बावनी रियासत / باونی ریاست
|Princely State of British India|
Coat of arms
Baoni State (Kadaura) in the Imperial Gazetteer of India
|313 km2 (121 sq mi)|
|• Motto||'"Al hukumu lilah wāl mulk Lilāh" |
(Rulership and dominion belongs to God)
|The Imperial Gazetteer of India|
Baoni State was a princely state in India during the British Raj. It was a small sanad state, the only Muslim-ruled one in Bundelkhand Agency. Its ruler was granted the right to an 11-gun salute. The Baoni royal family claim to be descendants of the Asaf Jahi dynasty of Hyderabad, tracing its origins to Abu Bakr, the first Islamic caliph.
Baoni was located in the Betwa-Yamuna doab, Uttar Pradesh, with Kadaura as its seat of government. The state was bounded on the north by the district of Cawnpore, in the west by the district of Jalaun and to the south and east by the district of Hamirpur of the United Provinces —as well as a little part in the south-east by Beri State. The word 'Baoni' originated in the Hindustani language word Baon, meaning 52 (fifty-two), and referring to the number of villages that were included in the original sanad at the time when it was granted. Baoni had a population of 19,780 inhabitants in 1901, of whom 87% were Hindu and 12% Muslim.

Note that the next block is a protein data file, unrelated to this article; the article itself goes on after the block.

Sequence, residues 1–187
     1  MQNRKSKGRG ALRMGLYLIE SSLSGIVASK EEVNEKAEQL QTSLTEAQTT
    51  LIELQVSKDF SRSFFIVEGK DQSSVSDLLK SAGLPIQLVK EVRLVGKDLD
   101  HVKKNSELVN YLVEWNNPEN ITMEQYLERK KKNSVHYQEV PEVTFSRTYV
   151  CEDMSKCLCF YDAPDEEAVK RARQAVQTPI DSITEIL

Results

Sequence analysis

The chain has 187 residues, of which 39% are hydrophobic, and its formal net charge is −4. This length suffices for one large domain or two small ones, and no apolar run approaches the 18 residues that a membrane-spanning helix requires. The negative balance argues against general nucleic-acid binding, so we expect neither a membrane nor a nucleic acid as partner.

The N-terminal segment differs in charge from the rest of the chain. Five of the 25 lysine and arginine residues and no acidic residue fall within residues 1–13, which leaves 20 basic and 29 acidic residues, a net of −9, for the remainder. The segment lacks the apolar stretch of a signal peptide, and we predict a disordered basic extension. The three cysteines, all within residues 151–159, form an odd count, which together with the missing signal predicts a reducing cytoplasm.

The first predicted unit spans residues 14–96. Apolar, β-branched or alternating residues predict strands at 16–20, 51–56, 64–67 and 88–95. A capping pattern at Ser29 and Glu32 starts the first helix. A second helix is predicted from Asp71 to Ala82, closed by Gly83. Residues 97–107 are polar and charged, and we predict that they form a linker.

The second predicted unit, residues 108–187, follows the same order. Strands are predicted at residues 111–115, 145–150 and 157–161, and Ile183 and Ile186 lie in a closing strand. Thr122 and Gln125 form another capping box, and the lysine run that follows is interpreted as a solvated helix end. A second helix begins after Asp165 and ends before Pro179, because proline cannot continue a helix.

Baoni State was founded in 1784 by Ghazi ud-Din Khan Feroze Jung III also known as Imad-ul-Mulk from a branch of the Asaf Jahi dynasty related to the Nizam, and Wazir of the Mughal Empire. At that time he made a deal with the Maratha Peshwa and received a jagir of 52 villages near Kalpi.
The state became a British protectorate in 1806, following the defeat of the Maratha Confederacy. The capital was moved from Kalpi to Kadaura after 1815.
The last ruler, Muhammad al-Hasan Mushtaq, signed the instrument of accession to the Indian Union on 15 August 1947 and continued to rule the state that joined the Union of States of Vindhya Pradesh on 2 April 1948, remaining as head of state until 31 December 1949.
All rulers of Baoni State bore the title of Nawab.